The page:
Lord Wilf Stevenson of Balmacara speaks from Labour’s frontbench on DCMS matters in the House of Lords
The Government is reaping a whirlwind of its own making in relation to the Leveson Inquiry. And there is more to come. The latest casualty looks as though it will be Jeremy Hunt, whose Commons statement in defence of the current allegations about his conduct surely can’t save him.
His first point is that we should wait until Lord Justice Leveson reports, and look at all the evidence. Well, given the timescales involved, he might well say that. But the point is that Lord Leveson is not responsible for ensuring that Ministers carry out their duties in accordance with the Ministerial Code, which is what is at stake here.
Mr Hunt is well known to have been a supporter of News International. When he was asked to take on the quasi-judicial role of deciding about the proposed merger of News Corp with BskyB, he said that he got special clearance from the Cabinet Secretary, and then argues that he “followed due process – seeking the advice of independent regulators, and, after careful consideration, acting on their advice”.
But as has been pointed out, although OFCOM recommended that the bid should be referred to the Competition Commission, Mr Hunt did not do so, relying instead on “undertakings” solicited and received from News International. In substituting his judgement for OFCOM’s there is at least an argument that Mr Hunt was doing a favour to News Corp by permitting the negotiation of these remedies, so he leaves himself open to the charge that he was indeed News International’s “cheerleader”.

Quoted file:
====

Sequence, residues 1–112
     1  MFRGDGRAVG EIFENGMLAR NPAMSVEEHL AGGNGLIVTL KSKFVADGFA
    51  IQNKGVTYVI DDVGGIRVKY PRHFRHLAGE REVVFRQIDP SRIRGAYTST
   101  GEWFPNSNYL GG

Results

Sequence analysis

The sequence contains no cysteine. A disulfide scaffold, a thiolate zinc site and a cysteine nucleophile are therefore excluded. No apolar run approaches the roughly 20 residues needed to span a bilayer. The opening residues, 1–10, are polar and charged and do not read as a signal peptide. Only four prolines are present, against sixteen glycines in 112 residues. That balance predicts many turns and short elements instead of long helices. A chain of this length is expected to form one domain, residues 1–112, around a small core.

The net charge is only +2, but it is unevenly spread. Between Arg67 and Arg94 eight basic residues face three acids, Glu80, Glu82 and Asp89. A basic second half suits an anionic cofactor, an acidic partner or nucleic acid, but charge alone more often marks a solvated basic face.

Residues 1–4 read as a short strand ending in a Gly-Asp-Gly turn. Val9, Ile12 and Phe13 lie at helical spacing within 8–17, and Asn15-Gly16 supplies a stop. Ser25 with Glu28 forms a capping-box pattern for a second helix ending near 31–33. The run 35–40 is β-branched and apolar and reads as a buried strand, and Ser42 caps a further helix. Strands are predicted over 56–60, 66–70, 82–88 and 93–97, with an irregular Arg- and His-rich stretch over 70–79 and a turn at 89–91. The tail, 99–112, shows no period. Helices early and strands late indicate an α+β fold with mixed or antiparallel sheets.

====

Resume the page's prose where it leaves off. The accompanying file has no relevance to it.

Mr Hunt has admitted that the volume and tone of the emails exchanged between his special adviser Adam Smith and Fred Michel of News International were not appropriate in a quasi-judicial process. It beggars belief that Mr Hunt did not know that this so-called back channel existed – keeping the boss briefed is one of the key responsibilities of special advisers.
However, the BBC’s Robert Peston has pointed out that one of the emails released yesterday shows that on the afternoon of 24 January 2011, James Murdoch received price sensitive market information, from DCMS, about a statement Jeremy Hunt was due to give the following morning about the Competition Commission referral.
This is rather more serious than “overstepping the mark”, or “giving advice on process”. Indeed it may catch the eye of the FSA and lead to other inquiries. Clearly, this information should not have been given to Mr Murdoch. And as it has come from the Department of which he is Secretary of State, Jeremy Hunt should surely take responsibility for it and, rather than sacking his hapless special adviser, should do the honourable thing and resign.